Two mechanisms alone or in combination might account for the deregulated expression of MC genes. First, elevated GATA2 levels might inappropriately activate MC genes in erythroid cells or MKs. Several MC-expressed genes (eg, Cpa3, Fcer1b, Kit, Gata2, Pu.1, and Prg2) are direct targets of GATA factors.22,35,42,44,45 Second, FOG1, which is normally silenced in MCs, might prevent bound GATA1 and GATA2 from activating MC genes in non-MC lineages. To address these questions, we attempted to knock down GATA2 in sorted MEP. However, these cells did not tolerate conditions required for infection with virus expressing anti-Gata2 shRNAs. Moreover, MEP numbers were too small to perform ChIP experiments. Therefore, we used the erythroid cell line G1E because it permits the manipulation of GATA1 and GATA2 levels.

G1E cells are committed erythroid cells lacking GATA1.33 As a result, these cells fail to mature and continue to proliferate presumably because of their high level expression of Kit, Gata2, and Myc. Restoration of GATA1 activity in the context of a stably expressed GATA1-ER (estrogen receptor ligand-binding domain) fusion protein triggers erythroid maturation along with strong induction of β-globin (Hbb-b1) transcription and concomitant loss of Kit, Gata2, and Myc expression.10,17,46 This system faithfully recapitulates normal erythroid maturation and GATA1 function.8 We examined whether the elevated levels of GATA2 found in G1E cells might activate MC-specific genes. Indeed, quantitative RT-PCR analysis revealed that they express low but detectable amounts of several MC genes, including Cpa3, Mcpt2, Fcer1a, and Fcer1b compared with Fogki/ki MEP and nonhematopoietic 3T3 cells (supplemental Figure 4A). However, mast cell gene expression levels were lower than those found in BMMCs (supplemental Figure 3). We next asked whether MC genes are inhibited by GATA1 during erythroid maturation and whether this requires FOG1. G1E cells expressing GATA1-ER (clone G1E-ER4) were treated with estradiol for 20.5 hours followed by quantitative RT-PCR analysis. As expected, Gata2 and Kit expression was reduced (Figure 7A). In addition, we observed repression of the MC-specific genes Cpa3, Mcpt2, Fcer1a, and Fcer1b. To examine the role of FOG1 in this process, we used G1E cells expressing GATA1(V205M)-ER that is impaired for FOG1 binding. GATA1(V205M)-ER failed to repress Gata2 and Kit, consistent with previous observations.17,20 In addition, it failed to repress Fcer1b and Mcpt2, and incompletely repressed Cpa3 and Fcer1a (∼ 19% and 9% expression, respectively, compared with untreated cells; Figure 7A). This is probably a reflection of variable degrees of FOG1 dependence among GATA1 target genes and the fact that the V205M mutation does not completely disrupt FOG1 binding. Failure of GATA1(V205M)-ER to repress Fcer1b and Mcpt2 might be a result of sustained GATA2 expression or an absolute requirement for FOG1. Nevertheless, in concert, these data show that elevated levels of GATA2 are associated with a basal level of MC gene expression in immature erythroid cells and that GATA1 can repress these in a FOG1-dependent manner.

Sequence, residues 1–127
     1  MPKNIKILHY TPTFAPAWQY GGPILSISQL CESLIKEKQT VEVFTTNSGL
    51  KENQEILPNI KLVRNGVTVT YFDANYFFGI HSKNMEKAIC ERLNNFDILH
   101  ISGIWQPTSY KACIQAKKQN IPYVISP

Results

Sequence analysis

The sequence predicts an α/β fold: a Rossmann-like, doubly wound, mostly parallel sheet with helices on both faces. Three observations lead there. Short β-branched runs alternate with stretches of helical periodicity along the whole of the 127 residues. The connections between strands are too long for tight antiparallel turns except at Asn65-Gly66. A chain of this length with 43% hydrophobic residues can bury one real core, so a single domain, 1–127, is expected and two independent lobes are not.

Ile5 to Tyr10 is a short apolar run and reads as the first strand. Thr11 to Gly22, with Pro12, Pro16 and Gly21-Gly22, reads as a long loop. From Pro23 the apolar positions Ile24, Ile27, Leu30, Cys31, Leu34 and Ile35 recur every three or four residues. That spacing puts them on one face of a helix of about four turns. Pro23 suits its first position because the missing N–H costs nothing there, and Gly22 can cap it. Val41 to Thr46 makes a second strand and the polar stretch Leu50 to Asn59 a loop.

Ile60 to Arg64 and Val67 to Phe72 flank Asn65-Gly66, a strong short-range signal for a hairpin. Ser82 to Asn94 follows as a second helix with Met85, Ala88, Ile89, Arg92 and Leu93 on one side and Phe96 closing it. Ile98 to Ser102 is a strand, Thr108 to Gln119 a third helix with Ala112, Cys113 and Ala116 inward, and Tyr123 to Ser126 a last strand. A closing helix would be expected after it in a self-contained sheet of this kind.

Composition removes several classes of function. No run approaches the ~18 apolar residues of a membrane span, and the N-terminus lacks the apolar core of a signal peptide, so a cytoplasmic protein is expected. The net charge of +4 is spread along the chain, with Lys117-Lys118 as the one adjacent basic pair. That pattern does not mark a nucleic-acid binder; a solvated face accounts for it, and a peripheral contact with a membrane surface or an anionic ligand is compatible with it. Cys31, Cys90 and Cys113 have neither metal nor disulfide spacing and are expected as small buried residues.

Figure 7

GATA factors and FOG1 regulate MC genes in erythroid cells. (A) mRNA levels of indicated genes as determined by quantitative RT-PCR of G1E cells, and G1E-ER4 and G1E(V205M)-ER cells treated with estradiol for 20.5 hours. Data were normalized to actin and plotted as fold change compared with uninduced G1E cells; n = 3-5. *P < .001; **P < .05; ns indicates not significant. (B) Overexpression of GATA2 in G1E-ER4 cells (G1E-ER4 + GATA2) stimulates MC gene expression, whereas estradiol-activated GATA1-ER (+est.) represses them; n = 6. *P < .05 comparing G1E-ER4 + GATA2 ± estradiol treatment. (C-G) ChIP for GATA2 (C-D), GATA1 (E-F), and FOG1 (G) at FcerIb and Cpa3 in G1E cells (C,E,G) or BMMC (D,F). Control regions included: −7 kb upstream of the FcerIb promoter (UR), an intronic region 3 kb downstream of the Cpa3 promoter (5′TR), the 5′transcribed region of Cd4 (Cd4 5′TR), and a region −224.9 kb upstream of the Kit gene (UR). Positive control, the GATA1-activated Eraf erythroid gene. n = 3-8 independent ChIP experiments per primer set. (H-I) ChIP against MTA2 (H) and RbAp46 (I) in G1E cells and G1E-ER4 (+est.); n = 4-6. The promoter of GATA1-activated Hbb-b1 served as a positive control. *P < .01, #P < .05 by Student t test compared with IgG controls (C-I). (J) ChIP for acetylated histone H3 (acH3) in G1E cells, and G1E-ER4 and G1E(V205M)-ER cells treated with estradiol for 20.5 hours; n = 4-6. *P < .01, #P < .05 by Student t test. Error bars represent SEM.